How We Rank Online MBA Programs
Our MBA rankings review programs to help learners find the best MBA for their needs. To build our rankings, we rely on information from respected sources, including government agencies and national databases. In particular, we focus on factors related to student satisfaction during the program and success after graduation, like retention rates, median earnings, and graduation rates.
Metrics We Measure By:
Program availability and quality also matter in our rankings. For instance, MBA programs with low student-to-faculty ratios may rank higher than institutions with large student populations. Likewise, schools that offer more specialization options may earn a higher ranking than those with only general MBA degrees.
Regarding affordability, we consider net price and financial aid to ensure students can manage the cost of attendance. We also review student loan default rates to gauge MBA graduates' financial success.
Our methodology weighs 10% for affordability, 30% for quality, 40% for student success, and 20% for online flexibility. Learners should keep these percentages in mind when reviewing our rankings and compare them to their own needs. For example, a student primarily concerned with the cost of attendance may need to overlook some high-ranking programs since affordability is worth only 10% on our rankings.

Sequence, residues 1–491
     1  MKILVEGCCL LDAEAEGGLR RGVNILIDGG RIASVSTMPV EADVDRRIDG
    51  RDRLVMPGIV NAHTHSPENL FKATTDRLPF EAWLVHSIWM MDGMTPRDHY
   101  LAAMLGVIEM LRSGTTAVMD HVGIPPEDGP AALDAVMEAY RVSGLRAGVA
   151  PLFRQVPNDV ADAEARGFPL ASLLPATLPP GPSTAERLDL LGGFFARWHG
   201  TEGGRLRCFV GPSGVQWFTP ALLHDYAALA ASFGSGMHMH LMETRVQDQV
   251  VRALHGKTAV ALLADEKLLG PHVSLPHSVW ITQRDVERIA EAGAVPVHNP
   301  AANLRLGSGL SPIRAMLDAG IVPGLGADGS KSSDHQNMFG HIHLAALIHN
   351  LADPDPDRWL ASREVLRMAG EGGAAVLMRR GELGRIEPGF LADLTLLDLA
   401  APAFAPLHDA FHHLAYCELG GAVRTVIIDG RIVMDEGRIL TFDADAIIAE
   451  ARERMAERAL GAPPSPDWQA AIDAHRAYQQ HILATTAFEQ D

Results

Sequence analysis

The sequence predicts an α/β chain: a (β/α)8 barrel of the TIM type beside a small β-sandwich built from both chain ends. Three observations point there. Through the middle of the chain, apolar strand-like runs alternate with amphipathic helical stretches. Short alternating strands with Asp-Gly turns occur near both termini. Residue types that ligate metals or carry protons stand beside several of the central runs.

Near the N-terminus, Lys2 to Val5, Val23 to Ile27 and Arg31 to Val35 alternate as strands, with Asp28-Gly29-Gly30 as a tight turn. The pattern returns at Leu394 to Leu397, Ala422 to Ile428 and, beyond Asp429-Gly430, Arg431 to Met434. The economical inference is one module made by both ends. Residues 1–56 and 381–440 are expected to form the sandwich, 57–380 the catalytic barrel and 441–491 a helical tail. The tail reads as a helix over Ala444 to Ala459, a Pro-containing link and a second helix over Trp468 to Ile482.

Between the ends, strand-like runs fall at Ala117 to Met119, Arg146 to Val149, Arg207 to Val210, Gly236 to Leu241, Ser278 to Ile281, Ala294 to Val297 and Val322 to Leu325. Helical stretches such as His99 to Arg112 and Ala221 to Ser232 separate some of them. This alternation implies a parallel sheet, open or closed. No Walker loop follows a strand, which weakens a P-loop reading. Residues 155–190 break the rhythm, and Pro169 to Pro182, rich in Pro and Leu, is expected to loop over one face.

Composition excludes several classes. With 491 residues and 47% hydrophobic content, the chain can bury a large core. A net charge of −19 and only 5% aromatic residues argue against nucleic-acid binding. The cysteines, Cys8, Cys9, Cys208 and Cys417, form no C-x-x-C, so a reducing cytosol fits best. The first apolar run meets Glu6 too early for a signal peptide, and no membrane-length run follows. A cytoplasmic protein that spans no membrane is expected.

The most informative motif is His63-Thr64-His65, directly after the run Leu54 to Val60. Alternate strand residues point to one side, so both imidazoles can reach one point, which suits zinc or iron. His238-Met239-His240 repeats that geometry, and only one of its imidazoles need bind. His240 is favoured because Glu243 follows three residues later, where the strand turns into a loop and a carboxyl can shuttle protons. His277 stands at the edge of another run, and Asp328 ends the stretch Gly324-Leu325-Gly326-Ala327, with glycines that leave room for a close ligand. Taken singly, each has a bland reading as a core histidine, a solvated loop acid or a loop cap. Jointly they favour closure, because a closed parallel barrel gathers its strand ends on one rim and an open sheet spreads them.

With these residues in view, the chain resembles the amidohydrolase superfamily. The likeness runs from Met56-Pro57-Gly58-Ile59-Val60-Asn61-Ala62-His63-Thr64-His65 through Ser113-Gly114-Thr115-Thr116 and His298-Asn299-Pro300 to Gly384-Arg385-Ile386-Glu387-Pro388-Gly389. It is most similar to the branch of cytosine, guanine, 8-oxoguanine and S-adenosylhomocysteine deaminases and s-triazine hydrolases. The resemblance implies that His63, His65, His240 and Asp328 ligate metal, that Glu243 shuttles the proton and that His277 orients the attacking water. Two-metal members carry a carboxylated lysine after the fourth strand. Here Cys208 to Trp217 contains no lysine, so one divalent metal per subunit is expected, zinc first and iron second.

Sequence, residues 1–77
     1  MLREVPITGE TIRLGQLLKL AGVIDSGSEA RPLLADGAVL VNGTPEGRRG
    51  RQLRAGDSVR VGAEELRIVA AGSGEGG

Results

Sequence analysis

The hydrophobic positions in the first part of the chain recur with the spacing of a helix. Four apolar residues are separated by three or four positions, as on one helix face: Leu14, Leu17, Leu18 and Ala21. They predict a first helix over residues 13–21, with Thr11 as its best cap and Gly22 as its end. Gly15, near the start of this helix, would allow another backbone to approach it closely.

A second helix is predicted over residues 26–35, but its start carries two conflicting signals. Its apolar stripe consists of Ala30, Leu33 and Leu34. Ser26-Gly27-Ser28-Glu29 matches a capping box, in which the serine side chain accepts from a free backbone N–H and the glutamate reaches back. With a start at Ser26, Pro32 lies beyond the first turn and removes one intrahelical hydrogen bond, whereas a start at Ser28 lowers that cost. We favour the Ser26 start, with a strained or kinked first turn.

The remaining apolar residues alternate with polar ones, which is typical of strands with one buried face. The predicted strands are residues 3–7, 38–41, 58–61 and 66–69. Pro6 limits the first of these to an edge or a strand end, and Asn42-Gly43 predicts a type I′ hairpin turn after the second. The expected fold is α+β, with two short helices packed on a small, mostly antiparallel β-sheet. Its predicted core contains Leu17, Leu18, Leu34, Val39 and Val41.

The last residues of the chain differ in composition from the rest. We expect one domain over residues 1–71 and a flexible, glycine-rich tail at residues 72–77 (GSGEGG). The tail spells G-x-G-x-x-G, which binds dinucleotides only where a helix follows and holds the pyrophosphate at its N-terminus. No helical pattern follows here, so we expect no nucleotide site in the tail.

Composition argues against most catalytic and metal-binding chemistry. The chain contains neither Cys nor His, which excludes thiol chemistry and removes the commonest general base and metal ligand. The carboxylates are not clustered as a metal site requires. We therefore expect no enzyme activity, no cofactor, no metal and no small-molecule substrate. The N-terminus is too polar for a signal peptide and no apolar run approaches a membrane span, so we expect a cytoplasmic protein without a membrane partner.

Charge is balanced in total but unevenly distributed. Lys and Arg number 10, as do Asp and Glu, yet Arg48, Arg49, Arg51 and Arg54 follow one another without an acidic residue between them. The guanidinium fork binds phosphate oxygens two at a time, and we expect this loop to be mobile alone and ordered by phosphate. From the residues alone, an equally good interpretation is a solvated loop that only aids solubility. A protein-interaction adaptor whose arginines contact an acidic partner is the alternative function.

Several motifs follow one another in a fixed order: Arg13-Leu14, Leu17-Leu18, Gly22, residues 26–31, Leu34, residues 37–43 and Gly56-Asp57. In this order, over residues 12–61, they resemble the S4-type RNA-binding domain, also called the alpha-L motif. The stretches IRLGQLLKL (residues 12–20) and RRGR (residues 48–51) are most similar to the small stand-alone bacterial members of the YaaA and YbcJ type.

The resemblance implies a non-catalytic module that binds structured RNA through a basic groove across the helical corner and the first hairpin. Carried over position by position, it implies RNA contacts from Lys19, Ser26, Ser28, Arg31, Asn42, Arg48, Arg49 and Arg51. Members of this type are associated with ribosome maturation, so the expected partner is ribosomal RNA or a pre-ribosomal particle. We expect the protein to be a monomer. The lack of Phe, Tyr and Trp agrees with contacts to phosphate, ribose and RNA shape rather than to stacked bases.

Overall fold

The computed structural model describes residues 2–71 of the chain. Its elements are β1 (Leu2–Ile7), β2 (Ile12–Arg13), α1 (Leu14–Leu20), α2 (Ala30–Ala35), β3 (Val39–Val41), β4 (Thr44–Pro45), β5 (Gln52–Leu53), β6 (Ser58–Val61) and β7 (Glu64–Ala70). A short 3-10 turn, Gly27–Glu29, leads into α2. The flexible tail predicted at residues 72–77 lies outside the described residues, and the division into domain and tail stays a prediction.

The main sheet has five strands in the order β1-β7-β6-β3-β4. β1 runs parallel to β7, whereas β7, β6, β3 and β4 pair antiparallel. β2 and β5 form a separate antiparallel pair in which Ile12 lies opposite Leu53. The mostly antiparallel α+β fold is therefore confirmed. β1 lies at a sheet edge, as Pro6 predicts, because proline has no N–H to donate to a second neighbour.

We base our unique rankings on information and analysis. No school can increase its ranking by influence or payment. We also update our rankings regularly to reflect current program information.
About the Data We Use
The National Center for Education Statistics (NCES) is a government-regulated organization that offers statistics on education for all grade levels, including higher education. The organization's Integrated Postsecondary Education Data System (IPEDS) provides relevant information for our rankings, such as retention rates, graduation rates, and student-to-faculty ratios.
Candidates can review specific schools by using NCES's College Navigator. NCES also offers general statistics on financial aid, enrollment, graduation rates, retention rates, and awarded degrees through tools like Trend Generator. Other NCES resources include the Beginning Postsecondary Students Longitudinal Study and the Postsecondary Education Quick Information System. Overall, NCES delivers a plethora of reputable information that helps to shape our rankings.